How climate change shows up in ancient, Tolkien-esque myths
The Vernagtferner glacier in the portion of the Alps falling within the borders of Austria is said to be cursed. In ancient legend, it buried the cities Onanä and Dananä, whose ruins lie beneath its implacable mass of ice to this day. Which is all a way, way cooler story than the purely factual “climate change happened.”
According to David Bressan at History of Geology:
A long time ago there existed a rich city surrounded by fertile pastures where today is the glacier. Unfortunately the wealth corrupted the inhabitants and they wasted milk and bread to clean the streets. One day a beggar asked for a piece of bread, but the presumptuous inhabitants denied him this humble request. So he cursed the city, dark clouds covered the sky and heavy and persistent snow started falling in the mountains. When the sun reappeared, the city and pastures were gone, lost forever and covered by the glacier.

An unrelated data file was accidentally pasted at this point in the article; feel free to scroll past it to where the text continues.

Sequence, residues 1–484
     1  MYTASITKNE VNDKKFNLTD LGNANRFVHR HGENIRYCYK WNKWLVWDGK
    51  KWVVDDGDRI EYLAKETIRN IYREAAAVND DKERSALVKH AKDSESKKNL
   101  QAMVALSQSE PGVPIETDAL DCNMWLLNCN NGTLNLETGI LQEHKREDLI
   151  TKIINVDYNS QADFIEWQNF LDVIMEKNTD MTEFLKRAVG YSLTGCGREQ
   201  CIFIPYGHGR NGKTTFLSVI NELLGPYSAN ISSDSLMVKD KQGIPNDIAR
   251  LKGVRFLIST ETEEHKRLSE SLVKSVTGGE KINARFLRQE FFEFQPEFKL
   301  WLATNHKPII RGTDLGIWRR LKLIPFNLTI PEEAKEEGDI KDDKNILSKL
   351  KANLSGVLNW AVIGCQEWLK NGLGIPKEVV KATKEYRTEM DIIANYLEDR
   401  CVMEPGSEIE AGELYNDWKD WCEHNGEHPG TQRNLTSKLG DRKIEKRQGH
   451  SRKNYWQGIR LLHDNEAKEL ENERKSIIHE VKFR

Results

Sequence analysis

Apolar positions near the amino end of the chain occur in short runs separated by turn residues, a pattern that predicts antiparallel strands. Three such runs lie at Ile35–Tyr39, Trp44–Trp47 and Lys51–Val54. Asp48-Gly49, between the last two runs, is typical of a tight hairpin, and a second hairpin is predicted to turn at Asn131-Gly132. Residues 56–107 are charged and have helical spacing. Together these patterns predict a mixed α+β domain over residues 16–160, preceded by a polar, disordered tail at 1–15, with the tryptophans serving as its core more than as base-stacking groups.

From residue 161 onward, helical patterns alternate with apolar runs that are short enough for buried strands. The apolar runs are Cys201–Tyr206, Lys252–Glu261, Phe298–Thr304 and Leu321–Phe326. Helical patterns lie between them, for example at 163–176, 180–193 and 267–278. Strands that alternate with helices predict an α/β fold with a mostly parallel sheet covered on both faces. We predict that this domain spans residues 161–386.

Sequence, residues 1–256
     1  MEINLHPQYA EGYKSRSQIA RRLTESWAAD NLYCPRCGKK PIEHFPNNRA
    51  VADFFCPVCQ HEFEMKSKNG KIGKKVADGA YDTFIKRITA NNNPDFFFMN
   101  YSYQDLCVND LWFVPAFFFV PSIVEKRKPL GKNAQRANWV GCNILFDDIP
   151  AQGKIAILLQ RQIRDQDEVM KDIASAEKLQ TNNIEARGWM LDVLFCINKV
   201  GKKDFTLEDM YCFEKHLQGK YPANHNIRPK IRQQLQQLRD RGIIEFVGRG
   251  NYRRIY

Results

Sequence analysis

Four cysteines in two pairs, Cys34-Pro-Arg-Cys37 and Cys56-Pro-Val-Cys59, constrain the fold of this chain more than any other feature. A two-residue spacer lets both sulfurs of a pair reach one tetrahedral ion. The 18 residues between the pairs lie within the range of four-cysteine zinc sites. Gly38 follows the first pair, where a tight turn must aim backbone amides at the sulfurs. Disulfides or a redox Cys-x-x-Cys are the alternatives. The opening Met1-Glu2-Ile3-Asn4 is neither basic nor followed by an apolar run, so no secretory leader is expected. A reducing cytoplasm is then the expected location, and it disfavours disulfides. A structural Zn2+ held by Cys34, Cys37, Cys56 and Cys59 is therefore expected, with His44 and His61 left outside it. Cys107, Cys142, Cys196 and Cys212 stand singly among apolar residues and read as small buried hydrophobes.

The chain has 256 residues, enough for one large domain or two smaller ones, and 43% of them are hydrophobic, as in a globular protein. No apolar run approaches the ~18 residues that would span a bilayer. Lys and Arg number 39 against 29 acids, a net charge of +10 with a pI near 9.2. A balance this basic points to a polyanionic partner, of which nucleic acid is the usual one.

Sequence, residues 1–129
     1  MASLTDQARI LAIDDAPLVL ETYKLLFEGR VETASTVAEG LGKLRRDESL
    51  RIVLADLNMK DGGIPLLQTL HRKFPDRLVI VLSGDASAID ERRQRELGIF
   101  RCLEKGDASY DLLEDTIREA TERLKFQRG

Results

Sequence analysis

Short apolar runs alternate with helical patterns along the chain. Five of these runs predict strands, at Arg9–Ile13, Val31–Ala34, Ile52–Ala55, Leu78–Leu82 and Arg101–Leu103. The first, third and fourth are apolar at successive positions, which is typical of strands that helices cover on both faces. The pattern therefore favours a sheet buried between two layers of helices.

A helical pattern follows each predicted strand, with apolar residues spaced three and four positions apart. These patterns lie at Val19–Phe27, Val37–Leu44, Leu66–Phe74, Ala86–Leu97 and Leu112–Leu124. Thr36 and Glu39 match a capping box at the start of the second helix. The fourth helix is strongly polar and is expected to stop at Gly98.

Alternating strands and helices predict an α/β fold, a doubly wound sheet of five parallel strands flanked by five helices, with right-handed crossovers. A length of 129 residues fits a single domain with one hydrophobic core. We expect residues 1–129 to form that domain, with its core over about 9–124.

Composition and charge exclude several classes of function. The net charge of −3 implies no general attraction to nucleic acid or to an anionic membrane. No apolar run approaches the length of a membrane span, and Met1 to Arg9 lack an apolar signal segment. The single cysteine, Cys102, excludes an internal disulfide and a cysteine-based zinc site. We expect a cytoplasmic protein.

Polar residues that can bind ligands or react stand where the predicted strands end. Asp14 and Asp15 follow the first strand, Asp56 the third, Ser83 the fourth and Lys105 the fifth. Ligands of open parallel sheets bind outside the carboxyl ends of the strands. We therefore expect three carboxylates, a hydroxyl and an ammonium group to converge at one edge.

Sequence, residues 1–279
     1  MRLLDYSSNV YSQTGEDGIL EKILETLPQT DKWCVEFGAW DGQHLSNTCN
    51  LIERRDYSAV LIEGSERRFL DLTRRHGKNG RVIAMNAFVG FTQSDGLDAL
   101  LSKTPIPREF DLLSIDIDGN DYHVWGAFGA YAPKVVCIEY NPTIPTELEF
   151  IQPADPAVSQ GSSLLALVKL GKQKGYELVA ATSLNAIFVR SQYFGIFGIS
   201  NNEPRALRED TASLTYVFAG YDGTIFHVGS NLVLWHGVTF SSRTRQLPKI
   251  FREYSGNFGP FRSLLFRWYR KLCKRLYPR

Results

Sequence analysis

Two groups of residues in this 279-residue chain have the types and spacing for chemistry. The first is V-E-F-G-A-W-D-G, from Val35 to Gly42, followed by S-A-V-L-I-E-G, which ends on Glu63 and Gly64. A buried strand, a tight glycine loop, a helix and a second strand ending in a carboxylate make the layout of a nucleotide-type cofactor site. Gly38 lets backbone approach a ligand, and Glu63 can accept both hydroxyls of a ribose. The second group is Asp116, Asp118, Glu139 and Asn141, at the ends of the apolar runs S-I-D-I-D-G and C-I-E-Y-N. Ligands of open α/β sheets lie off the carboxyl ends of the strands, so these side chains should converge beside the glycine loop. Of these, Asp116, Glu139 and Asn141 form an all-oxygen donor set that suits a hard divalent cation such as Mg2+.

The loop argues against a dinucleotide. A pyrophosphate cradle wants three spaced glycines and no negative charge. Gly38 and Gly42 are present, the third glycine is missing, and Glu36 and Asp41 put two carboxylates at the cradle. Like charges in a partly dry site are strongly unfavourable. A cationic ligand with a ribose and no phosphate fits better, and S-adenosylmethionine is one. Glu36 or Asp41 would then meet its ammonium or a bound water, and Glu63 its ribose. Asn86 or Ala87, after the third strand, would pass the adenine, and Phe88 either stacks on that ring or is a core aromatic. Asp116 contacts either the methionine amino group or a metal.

Also, Loki is down there probably.
Some historians have suggested that this legend derives from a period called the Little Ice Age, lasting from about 1550 to 1850, during which Europe cooled enough to see the advance of its glaciers.
Here's another fun fact: some scientists think the Little Ice Age was caused by the Black Death, which wiped out enough people to lead to a large-scale reforesting of Europe's fallow farmland, sucking enough carbon out of the atmosphere to cool the planet by about 1 degree F. Pandemics are not really an adequate future solution for addressing global warming, but maybe epic legends are a good approach for raising awareness. “The sunken city of Nüyörk” has a ring to it.
History of Geology at Scientific American